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Higher-order mentalising and executive functioning

Research output: Contribution to Journal/MagazineJournal articlepeer-review

  • Jacques Launay
  • Eiluned Pearce
  • Rafael Wlodarski
  • Max van Duijn
  • James Carney
  • Robin I M Dunbar
<mark>Journal publication date</mark>11/2015
<mark>Journal</mark>Personality and Individual Differences
Number of pages9
Pages (from-to)6-14
Publication StatusPublished
Early online date1/06/15
<mark>Original language</mark>English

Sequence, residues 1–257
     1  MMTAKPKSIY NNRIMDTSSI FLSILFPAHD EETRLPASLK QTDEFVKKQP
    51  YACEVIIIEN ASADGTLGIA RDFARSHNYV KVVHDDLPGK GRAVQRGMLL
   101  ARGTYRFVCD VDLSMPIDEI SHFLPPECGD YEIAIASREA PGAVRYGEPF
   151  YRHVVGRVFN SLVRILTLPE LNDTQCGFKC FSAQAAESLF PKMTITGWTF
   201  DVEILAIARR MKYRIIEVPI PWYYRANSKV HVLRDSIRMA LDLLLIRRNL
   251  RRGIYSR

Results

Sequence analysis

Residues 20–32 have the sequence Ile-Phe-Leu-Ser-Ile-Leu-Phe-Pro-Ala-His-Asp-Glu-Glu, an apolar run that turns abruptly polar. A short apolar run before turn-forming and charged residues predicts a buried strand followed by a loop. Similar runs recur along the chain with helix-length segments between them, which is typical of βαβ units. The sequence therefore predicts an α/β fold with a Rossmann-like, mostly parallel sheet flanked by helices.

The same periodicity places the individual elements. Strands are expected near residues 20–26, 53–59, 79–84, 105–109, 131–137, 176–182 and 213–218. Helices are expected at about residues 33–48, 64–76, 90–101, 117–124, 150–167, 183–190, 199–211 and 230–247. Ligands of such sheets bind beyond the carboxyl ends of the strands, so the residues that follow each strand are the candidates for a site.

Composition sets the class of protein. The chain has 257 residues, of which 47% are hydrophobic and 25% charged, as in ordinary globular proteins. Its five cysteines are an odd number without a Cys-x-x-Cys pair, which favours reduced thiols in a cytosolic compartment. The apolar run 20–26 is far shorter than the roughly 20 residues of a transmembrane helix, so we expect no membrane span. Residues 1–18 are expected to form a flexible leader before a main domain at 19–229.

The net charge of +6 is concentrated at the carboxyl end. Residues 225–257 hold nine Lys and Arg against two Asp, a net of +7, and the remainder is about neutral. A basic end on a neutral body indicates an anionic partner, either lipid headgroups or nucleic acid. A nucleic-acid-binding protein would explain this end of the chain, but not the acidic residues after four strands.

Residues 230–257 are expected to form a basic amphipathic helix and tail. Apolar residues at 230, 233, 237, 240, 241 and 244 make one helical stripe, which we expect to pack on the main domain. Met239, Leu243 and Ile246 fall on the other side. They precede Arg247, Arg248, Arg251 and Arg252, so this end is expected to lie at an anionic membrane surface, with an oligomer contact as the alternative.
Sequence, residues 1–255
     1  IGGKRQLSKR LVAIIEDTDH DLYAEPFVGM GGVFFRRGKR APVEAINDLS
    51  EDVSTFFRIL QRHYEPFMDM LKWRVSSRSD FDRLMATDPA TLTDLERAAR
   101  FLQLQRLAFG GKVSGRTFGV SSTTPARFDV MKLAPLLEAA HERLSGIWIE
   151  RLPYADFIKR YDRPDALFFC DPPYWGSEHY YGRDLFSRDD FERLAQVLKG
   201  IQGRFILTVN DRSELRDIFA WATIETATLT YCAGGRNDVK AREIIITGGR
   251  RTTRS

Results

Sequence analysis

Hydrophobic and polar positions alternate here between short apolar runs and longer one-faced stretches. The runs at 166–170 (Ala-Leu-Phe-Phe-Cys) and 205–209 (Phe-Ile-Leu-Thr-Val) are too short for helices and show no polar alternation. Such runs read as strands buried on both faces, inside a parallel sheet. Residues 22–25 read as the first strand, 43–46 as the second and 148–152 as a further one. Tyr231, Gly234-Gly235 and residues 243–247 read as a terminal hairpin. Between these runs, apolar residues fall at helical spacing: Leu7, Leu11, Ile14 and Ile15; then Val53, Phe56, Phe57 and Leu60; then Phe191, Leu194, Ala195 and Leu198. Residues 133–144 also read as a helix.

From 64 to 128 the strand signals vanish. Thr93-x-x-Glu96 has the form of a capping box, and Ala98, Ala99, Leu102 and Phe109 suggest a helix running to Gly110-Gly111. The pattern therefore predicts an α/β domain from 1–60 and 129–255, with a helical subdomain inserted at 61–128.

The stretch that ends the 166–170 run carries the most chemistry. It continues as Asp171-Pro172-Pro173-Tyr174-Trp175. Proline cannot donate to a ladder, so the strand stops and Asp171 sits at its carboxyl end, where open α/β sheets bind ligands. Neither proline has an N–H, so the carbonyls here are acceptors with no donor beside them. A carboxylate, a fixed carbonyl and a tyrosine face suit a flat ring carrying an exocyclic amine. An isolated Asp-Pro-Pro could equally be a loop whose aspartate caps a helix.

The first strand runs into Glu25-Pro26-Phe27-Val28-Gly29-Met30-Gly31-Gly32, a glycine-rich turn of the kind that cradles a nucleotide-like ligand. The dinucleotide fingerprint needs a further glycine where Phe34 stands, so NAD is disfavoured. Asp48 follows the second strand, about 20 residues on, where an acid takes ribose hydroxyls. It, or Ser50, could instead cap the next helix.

Higher-order mentalising is the ability to represent the beliefs and desires of other people at multiple, iterated levels — a capacity that sets humans apart from other species. However, there has not yet been a systematic attempt to determine what cognitive processes underlie this ability. Herewe present three correlational studies assessing the extent to which performance on higher-order mentalising tasks relates to emotion recognition, self-reported empathy and self-inhibition. In Study 1a and 1b, examining emotion recognition and empathy, a relationship was identified between individual differences in the ability tomentalise and anemotion recognition task (the Reading the Mind in the Eyes task), but no correlation was found with the empathy quotient, a self- report scale of empathy. Study 2 investigated whether a relationship exists between individual mentalising abilities and four different forms of self-inhibition: motor inhibition, executive inhibition, automatic imitation and temporal discounting. Results demonstrate that only temporal discounting performance relates to mentalising ability; suggesting that cognitive skills relevant to representation of theminds of others' are not influenced by the ability to perform more basic inhibition. Higher-order mentalising appears to rely on the cognitive architecture that serves both low-level social cognition (emotion recognition), and complex forms of inhibition